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If I am pregnant, how should I know about the COVID-19 vaccine?



If I am pregnant, how should I know about the COVID-19 vaccine?

Vaccination may be the best way to prevent COVID-19 in pregnant women, When the risk of serious illness and viral death is higher than usual.

The American College of Obstetricians and Gynecologists says that pregnant women should not be vaccinated against COVID-19, and women should discuss their risks and benefits with their healthcare providers.

The U.S. government’s emergency authorization of Pfizer and Moderna vaccines for priority populations does not list pregnancy as a reason to retain the vaccine.

But the OB-GYN team stated that since the COVID-1

9 vaccine has not been tested in pregnant women, women should consult a doctor. The evidence regarding safety and effectiveness is assured from the study, which inadvertently included some women who did not know they were pregnant when they enrolled.

It is expected that upcoming studies will provide more answers, including a study by Pfizer and German partner BioNTech, which will begin early this year and will include pregnant women.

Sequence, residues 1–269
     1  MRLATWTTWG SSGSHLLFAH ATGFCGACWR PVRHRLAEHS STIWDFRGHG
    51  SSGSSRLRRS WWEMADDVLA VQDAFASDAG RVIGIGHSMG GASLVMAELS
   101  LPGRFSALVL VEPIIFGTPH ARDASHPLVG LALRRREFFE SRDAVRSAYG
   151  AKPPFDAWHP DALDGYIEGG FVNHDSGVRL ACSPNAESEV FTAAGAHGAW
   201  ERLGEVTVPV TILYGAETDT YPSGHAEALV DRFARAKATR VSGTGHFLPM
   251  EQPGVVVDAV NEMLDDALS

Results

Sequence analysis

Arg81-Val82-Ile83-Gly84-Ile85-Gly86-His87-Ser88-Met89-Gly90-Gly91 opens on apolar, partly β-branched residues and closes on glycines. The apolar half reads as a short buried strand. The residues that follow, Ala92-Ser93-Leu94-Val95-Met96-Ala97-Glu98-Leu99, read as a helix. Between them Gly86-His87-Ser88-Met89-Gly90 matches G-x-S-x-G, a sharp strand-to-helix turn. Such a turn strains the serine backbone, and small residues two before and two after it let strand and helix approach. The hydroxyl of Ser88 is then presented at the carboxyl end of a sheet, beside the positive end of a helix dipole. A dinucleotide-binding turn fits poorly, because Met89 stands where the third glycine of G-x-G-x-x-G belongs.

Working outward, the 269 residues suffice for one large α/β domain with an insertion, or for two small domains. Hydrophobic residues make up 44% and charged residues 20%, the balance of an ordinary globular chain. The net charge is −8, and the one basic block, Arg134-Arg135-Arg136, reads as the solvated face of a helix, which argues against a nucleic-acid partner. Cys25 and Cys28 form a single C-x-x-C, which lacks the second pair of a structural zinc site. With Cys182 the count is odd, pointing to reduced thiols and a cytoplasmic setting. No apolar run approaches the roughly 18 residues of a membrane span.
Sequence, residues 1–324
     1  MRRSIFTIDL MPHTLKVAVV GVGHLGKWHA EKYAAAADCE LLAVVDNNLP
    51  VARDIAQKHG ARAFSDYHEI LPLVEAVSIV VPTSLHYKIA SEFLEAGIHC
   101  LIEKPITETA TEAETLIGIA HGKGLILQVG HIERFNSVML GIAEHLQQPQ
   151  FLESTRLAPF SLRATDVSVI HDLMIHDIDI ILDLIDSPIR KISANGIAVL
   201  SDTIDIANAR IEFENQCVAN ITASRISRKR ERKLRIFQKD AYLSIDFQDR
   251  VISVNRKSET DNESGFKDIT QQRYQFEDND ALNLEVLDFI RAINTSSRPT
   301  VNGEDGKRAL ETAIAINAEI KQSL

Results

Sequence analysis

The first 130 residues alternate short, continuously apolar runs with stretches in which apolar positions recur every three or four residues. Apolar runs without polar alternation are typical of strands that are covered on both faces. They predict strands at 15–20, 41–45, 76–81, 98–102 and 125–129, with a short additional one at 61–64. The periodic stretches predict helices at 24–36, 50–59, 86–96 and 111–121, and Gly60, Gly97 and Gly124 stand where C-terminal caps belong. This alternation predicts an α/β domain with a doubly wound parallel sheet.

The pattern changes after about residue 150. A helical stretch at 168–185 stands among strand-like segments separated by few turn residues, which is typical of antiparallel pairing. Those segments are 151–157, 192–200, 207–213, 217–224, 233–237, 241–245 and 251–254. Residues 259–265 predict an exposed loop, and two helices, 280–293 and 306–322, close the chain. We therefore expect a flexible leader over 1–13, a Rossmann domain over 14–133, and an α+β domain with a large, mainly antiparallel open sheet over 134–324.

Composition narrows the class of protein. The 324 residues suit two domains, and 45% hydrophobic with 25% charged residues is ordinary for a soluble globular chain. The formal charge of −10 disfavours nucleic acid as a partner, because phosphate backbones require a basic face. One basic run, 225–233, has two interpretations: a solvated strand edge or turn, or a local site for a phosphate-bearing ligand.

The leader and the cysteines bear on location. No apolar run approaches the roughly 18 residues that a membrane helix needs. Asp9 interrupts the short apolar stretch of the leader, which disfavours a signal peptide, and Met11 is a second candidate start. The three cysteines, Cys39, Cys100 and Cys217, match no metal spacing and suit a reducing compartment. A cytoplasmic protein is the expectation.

Experts say there is no reason to believe that the two licensed vaccines will harm the fetus. Dr. Dennis Jamison, director of obstetrics and gynecology at Emory University School of Medicine, said they can even protect them from COVID-19, although it has not been confirmed.

This idea stems in part from the experience of flu vaccines and pertussis vaccines, which have been approved for pregnancy and protect newborns and their mothers from these diseases.

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AP is answering your questions about the coronavirus in this series. Submit it to: FactCheck@AP.org.

Read previous viral questions:

Should I get the COVID-19 vaccine if I have the virus?

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Can I stop wearing a mask after receiving the COVID-19 vaccine?


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